Niagara Falls Power Company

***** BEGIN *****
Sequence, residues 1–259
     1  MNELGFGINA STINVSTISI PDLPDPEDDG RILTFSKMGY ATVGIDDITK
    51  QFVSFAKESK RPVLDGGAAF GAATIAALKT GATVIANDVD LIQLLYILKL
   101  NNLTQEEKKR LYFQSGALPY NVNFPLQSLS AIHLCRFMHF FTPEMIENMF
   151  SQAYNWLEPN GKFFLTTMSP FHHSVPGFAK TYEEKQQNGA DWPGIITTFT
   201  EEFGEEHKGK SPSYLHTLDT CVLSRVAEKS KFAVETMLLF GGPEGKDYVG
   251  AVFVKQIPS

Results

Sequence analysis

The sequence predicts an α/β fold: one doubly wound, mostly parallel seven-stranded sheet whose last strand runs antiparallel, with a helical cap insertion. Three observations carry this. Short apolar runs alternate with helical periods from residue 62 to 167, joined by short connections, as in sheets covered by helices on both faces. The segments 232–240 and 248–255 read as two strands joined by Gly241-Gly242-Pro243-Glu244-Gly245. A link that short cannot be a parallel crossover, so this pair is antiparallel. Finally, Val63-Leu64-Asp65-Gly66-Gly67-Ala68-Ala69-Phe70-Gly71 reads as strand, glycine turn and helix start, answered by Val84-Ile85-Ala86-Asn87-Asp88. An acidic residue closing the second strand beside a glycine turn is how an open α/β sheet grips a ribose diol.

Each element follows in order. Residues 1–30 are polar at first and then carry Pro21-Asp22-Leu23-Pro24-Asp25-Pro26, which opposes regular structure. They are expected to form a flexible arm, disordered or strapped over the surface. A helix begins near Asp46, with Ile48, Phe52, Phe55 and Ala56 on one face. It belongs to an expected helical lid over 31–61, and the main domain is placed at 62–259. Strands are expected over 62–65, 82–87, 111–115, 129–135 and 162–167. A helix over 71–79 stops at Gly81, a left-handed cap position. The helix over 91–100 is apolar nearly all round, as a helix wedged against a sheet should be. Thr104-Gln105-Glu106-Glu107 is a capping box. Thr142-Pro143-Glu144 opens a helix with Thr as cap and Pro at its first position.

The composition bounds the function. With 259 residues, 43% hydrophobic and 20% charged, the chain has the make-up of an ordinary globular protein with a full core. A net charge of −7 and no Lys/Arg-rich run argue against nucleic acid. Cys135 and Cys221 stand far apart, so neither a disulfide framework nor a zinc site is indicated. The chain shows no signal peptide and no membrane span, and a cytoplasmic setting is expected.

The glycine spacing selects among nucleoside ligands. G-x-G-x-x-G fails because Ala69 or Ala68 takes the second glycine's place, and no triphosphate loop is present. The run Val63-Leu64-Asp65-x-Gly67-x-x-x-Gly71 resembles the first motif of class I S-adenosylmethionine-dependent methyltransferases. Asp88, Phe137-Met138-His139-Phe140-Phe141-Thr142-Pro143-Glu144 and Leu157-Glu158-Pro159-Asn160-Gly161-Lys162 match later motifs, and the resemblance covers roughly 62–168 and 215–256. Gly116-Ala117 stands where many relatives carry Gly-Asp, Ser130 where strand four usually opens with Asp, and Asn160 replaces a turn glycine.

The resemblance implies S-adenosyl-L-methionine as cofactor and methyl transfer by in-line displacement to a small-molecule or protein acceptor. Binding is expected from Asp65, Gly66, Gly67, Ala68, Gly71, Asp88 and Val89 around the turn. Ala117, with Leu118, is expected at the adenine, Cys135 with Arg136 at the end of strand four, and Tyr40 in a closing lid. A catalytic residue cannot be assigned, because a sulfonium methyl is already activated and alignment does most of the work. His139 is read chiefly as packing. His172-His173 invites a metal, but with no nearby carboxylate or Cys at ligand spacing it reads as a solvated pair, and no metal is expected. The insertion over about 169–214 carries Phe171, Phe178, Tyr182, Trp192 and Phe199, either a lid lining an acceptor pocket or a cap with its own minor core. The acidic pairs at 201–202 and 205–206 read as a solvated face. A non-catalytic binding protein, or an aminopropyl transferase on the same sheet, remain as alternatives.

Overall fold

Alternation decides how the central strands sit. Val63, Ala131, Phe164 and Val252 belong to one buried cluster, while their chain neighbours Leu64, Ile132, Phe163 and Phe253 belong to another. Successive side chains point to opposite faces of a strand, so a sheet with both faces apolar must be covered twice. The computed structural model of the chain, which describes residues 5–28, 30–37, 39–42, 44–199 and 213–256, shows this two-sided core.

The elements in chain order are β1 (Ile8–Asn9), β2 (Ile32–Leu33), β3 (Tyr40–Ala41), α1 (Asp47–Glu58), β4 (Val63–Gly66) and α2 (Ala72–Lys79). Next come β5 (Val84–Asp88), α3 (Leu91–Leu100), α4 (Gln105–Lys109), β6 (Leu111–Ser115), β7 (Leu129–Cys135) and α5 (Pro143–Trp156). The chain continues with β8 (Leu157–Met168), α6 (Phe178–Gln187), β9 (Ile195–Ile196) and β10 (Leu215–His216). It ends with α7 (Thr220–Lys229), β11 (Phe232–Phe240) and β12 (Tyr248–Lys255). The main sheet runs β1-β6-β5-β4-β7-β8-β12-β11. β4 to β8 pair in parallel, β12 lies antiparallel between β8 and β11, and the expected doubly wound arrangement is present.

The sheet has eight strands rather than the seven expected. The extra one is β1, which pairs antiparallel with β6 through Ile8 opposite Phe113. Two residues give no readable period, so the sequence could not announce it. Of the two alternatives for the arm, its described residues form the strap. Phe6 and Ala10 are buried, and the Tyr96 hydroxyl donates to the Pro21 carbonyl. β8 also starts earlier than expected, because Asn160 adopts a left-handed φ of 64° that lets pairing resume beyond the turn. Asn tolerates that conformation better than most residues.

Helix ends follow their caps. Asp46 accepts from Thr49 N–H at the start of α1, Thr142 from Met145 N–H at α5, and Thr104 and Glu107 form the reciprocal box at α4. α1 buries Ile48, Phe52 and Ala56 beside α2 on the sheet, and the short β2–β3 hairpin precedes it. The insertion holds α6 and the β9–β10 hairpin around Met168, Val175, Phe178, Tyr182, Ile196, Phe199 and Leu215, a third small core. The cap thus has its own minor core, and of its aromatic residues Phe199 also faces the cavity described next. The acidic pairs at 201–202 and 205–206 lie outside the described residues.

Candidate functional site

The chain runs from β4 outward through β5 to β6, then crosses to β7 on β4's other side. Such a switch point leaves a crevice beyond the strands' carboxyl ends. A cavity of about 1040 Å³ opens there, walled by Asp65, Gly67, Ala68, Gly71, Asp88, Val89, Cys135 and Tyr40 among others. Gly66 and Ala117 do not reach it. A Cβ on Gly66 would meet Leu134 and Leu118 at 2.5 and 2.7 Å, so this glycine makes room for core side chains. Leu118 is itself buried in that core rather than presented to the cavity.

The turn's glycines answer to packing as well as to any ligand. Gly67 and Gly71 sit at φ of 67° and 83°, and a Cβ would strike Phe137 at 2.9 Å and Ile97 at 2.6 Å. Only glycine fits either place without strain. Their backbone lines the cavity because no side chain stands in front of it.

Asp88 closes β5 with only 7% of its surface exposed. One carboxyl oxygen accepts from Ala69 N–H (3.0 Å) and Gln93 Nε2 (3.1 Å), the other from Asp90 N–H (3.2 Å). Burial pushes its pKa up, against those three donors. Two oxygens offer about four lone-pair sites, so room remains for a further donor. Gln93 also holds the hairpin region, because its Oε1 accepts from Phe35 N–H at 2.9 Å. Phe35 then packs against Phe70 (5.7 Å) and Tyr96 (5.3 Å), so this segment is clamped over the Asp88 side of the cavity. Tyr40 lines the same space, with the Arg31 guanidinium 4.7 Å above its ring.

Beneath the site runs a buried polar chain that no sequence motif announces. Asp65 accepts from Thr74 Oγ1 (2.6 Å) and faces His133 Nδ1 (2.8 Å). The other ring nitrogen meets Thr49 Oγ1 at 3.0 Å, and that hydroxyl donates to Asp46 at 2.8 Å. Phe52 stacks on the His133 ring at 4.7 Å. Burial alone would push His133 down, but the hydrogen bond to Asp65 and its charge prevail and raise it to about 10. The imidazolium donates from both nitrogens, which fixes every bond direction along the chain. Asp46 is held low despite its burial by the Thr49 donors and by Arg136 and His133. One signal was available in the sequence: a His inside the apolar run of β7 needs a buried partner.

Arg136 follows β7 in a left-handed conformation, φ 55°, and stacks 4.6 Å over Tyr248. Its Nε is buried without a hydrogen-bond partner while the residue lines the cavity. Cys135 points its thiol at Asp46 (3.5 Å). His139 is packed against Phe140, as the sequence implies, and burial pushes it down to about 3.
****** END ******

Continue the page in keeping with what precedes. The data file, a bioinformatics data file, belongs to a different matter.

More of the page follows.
In 1889, developers organized the "Niagara Falls Power Company" and the "Cataract Construction Company" (incorporated June 12, 1889) to carry out the new plan. Edward Dean Adams, as president of the "Cataract Construction Company," directed plans to construct a central generating plant and to solve the problem of transmitting electricity over long distances. Adams and the "Cataract Construction Company" began constructing a central power station immediately, however, the problem of how to transmit electricity long distance was not yet solved. On December 20, 1892, the Evershed tunnel and the Edward Dean Adam's power house inlet canal are completed. Therefore, the "Cataract Construction Company" sponsored the "International Niagara Commission", which met in London in June 1890 and was headed by Lord Kelvin. The commissioners offered a $100,000 (equivalent to $2,789,000 in 2018) prize for a solution to the problem. The commission received seventeen submissions from experts around the world only to reject them all. The schemes ranged from a system using pneumatic pressure to one requiring ropes, springs and pulleys. Some proposed transmitting direct current electricity, including one endorsed by Thomas Edison.